West Virginia Supreme Court throws out injunction blocking right-to-work law

The West Virginia Supreme Court has thrown out a preliminary injunction that was blocking implementation of the right-to-work law in the state.

In a opinion issued Friday, the high court ruled that the unions failed to establish they would prevail in court. Multiple states have right-to-work legislation.

The court’s ruling reversed a preliminary injunction issued in Kanawha County Circuit Court that stopped the implementation of West Virginia’s right-to-work law. Unions have argued the law is unconstitutional because they believe it is unfair to unions and union members. The state argues the law is fair because it protects workers who do not want to join or pay dues to a union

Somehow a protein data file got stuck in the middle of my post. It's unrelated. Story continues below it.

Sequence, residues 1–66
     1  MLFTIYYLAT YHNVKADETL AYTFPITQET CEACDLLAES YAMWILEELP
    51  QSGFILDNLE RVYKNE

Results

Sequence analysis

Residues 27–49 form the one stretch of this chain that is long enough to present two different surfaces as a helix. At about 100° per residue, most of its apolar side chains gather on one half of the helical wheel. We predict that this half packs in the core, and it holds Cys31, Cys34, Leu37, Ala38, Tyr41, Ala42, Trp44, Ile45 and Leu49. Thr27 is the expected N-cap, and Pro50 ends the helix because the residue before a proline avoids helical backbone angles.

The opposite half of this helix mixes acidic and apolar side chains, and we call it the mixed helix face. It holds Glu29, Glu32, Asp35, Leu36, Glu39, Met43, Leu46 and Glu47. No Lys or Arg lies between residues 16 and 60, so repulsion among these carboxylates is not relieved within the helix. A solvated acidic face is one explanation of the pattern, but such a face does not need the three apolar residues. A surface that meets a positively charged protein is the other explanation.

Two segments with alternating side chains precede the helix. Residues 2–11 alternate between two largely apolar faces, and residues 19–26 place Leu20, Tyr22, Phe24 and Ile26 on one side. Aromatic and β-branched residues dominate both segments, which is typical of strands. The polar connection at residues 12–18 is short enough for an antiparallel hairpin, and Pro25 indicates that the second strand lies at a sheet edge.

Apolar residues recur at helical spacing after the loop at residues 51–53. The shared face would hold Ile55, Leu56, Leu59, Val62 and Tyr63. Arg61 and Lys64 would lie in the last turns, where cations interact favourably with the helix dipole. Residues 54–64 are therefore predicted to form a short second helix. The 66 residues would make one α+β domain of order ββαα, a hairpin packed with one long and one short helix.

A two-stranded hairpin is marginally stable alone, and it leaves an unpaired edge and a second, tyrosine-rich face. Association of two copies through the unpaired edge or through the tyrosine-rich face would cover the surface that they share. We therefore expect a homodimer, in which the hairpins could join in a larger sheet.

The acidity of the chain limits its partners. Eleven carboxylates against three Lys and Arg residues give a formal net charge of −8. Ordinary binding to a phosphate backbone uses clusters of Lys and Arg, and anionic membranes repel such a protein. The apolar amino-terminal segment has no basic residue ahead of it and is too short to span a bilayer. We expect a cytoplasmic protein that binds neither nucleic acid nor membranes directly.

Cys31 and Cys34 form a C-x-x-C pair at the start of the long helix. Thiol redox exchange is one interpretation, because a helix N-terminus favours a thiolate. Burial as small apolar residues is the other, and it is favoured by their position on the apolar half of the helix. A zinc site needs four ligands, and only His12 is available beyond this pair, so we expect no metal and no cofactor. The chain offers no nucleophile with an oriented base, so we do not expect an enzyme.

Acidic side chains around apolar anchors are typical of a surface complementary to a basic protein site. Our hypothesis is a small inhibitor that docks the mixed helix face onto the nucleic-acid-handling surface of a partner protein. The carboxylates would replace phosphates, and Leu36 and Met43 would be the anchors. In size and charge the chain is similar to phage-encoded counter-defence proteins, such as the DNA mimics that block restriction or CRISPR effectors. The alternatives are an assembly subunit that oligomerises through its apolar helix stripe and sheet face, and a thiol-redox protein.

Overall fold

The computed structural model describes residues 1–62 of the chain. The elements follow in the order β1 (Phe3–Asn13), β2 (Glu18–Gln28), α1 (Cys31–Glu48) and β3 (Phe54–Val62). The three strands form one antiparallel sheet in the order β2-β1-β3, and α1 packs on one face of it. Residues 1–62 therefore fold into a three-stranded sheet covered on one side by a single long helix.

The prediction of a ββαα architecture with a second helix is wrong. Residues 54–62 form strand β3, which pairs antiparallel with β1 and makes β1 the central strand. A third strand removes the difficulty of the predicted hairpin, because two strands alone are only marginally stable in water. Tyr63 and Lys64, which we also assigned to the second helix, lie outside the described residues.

The case pitted West Virginia Attorney General Patrick Morrisey and the state against the AFL-CIO.

Now that the court has overruled the preliminary injunction, the case will now head back to circuit court to conduct a final hearing on the merits of the parties’ various contentions.

The West Virginia AFL-CIO issued a statement from the organization’s president, Josh Sword on the state Supreme Court’s decision:

“Today’s Supreme Court ruling pertains solely to the preliminary injunction issued by Kanawha Circuit Judge Jennifer Bailey that postponed enactment of the right to work law while she considers her final ruling.

“As stated previously, we maintain that this law violates provisions of the West Virginia Constitution that prohibit the taking of property from unions and their members without just compensation or due process. When a majority of employees in a workplace, through a democratic process, vote to unionize, federal law requires unions to provide services to all employees, whether or not they choose to participate in that union.

“All parties in this case expect to be back before the state Supreme Court after Judge Bailey’s final order on our lawsuit is issued. We look forward to continuing the debate on the merits of our arguments before the justices at that time.”

Sponsored Content